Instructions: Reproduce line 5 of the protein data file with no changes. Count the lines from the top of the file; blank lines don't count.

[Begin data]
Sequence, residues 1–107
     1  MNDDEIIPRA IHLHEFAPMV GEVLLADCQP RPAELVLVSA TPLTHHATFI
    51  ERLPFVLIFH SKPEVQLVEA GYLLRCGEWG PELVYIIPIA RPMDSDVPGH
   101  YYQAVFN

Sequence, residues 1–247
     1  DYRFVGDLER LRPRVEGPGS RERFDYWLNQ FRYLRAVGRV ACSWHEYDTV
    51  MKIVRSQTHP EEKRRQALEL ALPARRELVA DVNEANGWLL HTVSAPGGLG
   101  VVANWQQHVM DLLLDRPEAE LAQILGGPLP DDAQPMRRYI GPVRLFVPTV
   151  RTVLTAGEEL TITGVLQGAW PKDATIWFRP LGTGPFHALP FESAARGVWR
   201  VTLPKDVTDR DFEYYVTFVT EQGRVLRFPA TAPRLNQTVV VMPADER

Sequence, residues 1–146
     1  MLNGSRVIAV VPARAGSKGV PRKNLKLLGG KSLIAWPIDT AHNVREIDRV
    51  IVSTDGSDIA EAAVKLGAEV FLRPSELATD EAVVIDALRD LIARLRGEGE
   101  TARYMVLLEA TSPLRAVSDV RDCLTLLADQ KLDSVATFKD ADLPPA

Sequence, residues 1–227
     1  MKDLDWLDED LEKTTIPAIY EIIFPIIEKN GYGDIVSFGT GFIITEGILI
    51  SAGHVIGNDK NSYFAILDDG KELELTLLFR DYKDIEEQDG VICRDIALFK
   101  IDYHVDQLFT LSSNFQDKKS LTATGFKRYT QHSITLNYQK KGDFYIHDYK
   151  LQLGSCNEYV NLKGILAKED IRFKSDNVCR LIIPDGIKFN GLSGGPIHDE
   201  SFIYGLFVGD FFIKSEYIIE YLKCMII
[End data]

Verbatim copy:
Sequence, residues 1–247